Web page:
This was the proposal: Deliberately infect a small group of consenting adults with the Zika virus to learn about the disease and speed up the search for a vaccine.
So the National Institutes of Health called for an ethics consultation and asked two essential questions: Can a Zika “human challenge” study be ethically justified? If so, under what conditions?
The panel’s answer, in short, was this: The research could be justified, but conditions must be met. They pushed pause on the Zika study.
Appreciation for ethics review is not universally shared among research scientists…Harvard psychologist Steven Pinker memorably wrote, “A truly ethical bioethics should not bog down research in red tape…based on nebulous but sweeping principles such as ‘dignity,’ ‘sacredness,’ or ‘social justice.’ ”
[However,] the panel’s reasoning and findings are compelling. They…indicated an awareness of a history too often either forgotten or considered yesterday’s problem.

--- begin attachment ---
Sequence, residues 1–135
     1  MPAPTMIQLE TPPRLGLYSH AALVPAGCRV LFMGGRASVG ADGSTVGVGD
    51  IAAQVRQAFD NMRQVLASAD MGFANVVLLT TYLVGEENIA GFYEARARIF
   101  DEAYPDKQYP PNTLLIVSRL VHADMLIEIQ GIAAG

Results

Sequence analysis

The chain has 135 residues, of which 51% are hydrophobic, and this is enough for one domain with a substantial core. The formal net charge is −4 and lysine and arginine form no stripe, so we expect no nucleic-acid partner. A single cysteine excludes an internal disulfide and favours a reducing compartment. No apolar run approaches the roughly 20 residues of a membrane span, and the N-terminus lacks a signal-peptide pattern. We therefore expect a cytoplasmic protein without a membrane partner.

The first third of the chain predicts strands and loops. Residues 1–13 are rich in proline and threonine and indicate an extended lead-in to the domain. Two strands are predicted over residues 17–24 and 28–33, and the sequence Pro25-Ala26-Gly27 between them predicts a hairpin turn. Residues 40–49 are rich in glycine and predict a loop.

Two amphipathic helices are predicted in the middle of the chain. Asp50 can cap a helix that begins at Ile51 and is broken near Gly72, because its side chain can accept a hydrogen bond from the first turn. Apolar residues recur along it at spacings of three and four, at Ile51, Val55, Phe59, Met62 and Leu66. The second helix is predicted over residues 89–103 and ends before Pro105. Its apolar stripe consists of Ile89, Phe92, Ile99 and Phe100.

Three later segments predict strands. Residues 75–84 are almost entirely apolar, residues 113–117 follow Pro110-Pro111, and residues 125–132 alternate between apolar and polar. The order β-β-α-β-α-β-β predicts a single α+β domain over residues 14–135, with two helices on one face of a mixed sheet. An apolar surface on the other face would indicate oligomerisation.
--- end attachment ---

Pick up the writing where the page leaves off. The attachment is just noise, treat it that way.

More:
That history is known by its settings — from Nuremberg to Willowbrook, Tuskegee to Guatemala — all shorthand for abuses in human subject research. Those cases, some of which continued for decades, are why bioethics came into being.
So when voluntary human subjects give informed consent, they should be able to trust that the researchers and their financial backers — government or otherwise — gave as much thought to the experiment’s risks to the participants as they did to the potential benefits to society.
The GLP aggregated and excerpted this blog/article to reflect the diversity of news, opinion, and analysis. Read full, original post: In Pausing Human Research On Zika, Medical Ethicists Acknowledge A Dark Past
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